And, they’ve identified that, by using Jenkins as the tools and technology platform, that provided the orchestration backbone, they saw some benefits, such as the quality and expansibility of Jenkins, Enterprise plugins, which supported security and isolation that the teams needed, via folders and RBAC. The ability to increase reliability, via long running jobs, high availability and backup, and the ability to provide an SLA, which is really a production SLA which became a mission-critical production platform, with support from CloudBees. As they move forward, they sought to leverage more of the Enterprise features, such as the API integration, and license management, to scale the implementation across teams.

So, with that, I’d like to hand it over to Sanil, to build on the Intuit implementation, and the four-quadrants, and provide you guidance on how they can help you implement this in the real world.

Sanil:Thank you, Bri. Hopefully you can see the slides. So, what Mike started the webinar with was the motivation for DevOps, and Brian followed up with a great framework, that can be used for implementing a DevOps journey. What I would like to spend the next few minutes on, are on some practical implementation strategies for DevOps. What does it really mean, and what [inaudible] [00:45:50].

So, DevOps is, it’s not a monolithic concept. It’s got several moving parts, and it works best when all the different aspects are taken care of. So, what that implies, really, is that DevOps can get complicated too soon. And, hence, it is important to evaluate where one is in the DevOps journey, and what should be the guardrail that should be maintained, to have a bridge here. Specifically, I think it’s an assessment that’s required, that would address some key aspects of DevOps. And, if you look at, the assessment really needs to cover things like value today, and what are your three-month goals, and what are your six-month goals. Are you aware of the infrastructure requirements, how are your environments set up, today, what is your org structure? Does it help, or does it hinder a DevOps implementation? What are your existing tools in your tool chain, and does it need to be revamped to the latest in our tool chain, to implement the DevOps strategy?

And, later on I’ll show you an actual assessment, that will actually help you define some of the – get answers to some of these and put you in a specific CloudBees DevOps culture. So, Brian did give an excellent overview of the CloudBees DevOps quadrant, and what you see here is a glimpse of the actual, specific implementation, or implementation implications for each quadrant. This is, of course, a generic version, and through an assessment, we can easily derive the special recommendation for each of the quadrants. So, as an idea, you would see that if you are in the Team Agile quadrant, at the bottom left, what one could benefit from is, are some strategies around – and the system would help them figure out, okay, do we need a workshop, or do we need a jumpstart program?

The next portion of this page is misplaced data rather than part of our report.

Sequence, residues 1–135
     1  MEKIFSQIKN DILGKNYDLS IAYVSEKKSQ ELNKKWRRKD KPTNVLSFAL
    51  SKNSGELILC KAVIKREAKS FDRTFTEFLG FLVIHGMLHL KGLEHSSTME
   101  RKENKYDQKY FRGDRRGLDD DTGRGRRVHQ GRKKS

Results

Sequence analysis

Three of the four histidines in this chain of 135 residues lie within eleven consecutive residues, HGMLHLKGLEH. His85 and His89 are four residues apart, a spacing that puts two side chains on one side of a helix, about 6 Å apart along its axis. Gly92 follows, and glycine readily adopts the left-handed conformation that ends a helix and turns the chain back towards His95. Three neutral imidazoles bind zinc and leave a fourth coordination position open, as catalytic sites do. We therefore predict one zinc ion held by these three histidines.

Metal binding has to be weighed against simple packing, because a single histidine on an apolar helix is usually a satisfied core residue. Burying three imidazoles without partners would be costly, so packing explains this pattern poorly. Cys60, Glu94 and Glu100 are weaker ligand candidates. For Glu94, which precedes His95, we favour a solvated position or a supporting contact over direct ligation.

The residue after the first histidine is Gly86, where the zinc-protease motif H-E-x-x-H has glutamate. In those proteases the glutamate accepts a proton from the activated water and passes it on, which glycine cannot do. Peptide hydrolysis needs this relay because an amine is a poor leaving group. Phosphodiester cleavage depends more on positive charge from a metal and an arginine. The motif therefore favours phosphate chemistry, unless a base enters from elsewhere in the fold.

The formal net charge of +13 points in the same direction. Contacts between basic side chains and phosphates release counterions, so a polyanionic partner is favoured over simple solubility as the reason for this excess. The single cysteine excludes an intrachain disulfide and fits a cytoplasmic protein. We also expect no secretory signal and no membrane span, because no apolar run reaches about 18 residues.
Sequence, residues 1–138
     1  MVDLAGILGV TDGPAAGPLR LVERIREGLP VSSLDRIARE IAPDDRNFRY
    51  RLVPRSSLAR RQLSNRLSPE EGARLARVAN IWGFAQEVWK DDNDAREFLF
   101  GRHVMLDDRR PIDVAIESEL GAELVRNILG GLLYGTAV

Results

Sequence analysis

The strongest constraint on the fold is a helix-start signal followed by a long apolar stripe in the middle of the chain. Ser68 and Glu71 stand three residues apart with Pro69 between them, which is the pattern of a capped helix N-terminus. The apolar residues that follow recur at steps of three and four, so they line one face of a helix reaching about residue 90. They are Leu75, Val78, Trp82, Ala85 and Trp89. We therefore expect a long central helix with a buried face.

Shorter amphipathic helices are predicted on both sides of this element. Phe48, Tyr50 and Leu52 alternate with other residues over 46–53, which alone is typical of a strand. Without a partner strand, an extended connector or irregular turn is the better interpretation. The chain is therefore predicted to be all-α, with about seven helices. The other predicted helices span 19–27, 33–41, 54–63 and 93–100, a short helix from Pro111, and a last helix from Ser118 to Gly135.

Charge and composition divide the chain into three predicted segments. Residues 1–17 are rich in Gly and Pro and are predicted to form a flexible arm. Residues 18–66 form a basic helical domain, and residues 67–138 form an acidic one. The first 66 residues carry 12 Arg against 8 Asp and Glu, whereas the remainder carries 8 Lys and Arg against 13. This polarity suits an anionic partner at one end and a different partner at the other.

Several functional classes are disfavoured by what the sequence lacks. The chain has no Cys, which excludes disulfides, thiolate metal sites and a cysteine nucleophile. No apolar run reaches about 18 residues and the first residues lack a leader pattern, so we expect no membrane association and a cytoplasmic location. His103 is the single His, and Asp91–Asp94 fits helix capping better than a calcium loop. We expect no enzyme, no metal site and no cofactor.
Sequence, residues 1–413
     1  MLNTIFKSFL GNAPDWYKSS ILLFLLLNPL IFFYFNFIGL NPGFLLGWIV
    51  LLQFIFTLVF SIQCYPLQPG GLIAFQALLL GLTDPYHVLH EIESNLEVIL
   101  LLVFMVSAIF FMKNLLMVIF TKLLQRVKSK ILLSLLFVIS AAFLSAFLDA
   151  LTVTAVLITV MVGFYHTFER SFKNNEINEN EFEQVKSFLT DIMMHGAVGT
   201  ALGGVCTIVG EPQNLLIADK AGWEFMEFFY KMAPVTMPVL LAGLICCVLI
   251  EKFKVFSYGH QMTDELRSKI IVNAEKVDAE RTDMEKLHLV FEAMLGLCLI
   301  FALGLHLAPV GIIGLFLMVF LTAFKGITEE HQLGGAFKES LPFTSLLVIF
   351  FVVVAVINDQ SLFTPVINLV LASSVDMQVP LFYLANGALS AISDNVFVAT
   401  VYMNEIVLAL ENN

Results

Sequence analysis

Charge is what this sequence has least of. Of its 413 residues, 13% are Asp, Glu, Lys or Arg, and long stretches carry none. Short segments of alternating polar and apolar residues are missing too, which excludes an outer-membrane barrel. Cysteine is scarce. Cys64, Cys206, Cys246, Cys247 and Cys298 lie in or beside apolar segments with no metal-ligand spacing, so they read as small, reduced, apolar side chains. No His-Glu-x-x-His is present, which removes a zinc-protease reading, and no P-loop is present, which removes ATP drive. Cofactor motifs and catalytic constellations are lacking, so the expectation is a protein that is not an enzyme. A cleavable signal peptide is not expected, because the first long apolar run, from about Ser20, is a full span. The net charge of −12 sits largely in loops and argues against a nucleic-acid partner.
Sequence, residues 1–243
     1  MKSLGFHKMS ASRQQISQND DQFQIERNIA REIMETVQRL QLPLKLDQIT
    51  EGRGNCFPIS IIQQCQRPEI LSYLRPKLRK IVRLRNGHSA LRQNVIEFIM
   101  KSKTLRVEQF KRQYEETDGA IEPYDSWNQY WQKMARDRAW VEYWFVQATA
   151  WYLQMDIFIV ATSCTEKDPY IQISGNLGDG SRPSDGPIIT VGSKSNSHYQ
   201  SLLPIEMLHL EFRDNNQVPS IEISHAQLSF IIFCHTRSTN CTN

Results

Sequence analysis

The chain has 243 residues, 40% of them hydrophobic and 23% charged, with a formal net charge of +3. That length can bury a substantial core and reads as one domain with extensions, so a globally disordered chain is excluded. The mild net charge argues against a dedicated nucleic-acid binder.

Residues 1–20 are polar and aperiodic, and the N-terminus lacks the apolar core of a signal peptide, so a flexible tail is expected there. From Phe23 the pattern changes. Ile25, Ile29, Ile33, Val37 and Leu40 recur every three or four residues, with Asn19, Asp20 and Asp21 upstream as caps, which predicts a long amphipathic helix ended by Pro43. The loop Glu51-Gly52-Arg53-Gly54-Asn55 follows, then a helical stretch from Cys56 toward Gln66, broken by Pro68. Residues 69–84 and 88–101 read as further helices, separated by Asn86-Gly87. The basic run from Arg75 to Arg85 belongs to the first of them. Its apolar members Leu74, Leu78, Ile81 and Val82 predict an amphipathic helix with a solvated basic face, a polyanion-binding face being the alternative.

Which helps to kind of build a proof of concept, of CI and CD, so that they can really see your maturity level in each of these quadrants, and what should be your next step that you should take are. Or, if you’re in the top right corner, which is the area that everyone aspires to be, you can really leverage some of the more advanced concepts of DevOps, and have very well-defined templates, and actually the frameworks that can actually help you take your DevOps even further than where you are at that point of time. And, specifically, if you look at the DevOps journey, there are two parts to it. One is, if you are in a particular quadrant, as an assessment would identify, one part is, how do you mature in that quadrant further, and then, the second part is really, how do you move from one quadrant to the other, which is an adoption strategy.

So, what you see as an example is, if you’re in Team Agile, or you aspire to be in Team Agile, you could actually take care of some of the basic concepts, like assessment, coded pipelines, etc. Or, even SMEs, who could be part of your team, who can actually help evangelize what should be the best practices that are needed across the enterprise. And, if you want to move, let’s say, from Enterprise Agile to Enterprise DevOps, that is the top left corner to the top right corner, you can really now take advantage of some of the more detail advanced concepts in DevOps, to actually take it further, to that level.

So, depending on where you are, a definition of your journey is also defined in terms of the kind of tools that will actually help you get there. Now, the next slide will actually show you a different kind of journey that you could actually take. You could decide that, okay; you are in Team CD, which is the bottom right corner, where you have a very mature deployment set up in your organization. You will decide to look at this as a good time to go into Enterprise Agile, which is to have federated CI across your entire organization, and what should really be your focus, to actually go from that to the next strategy?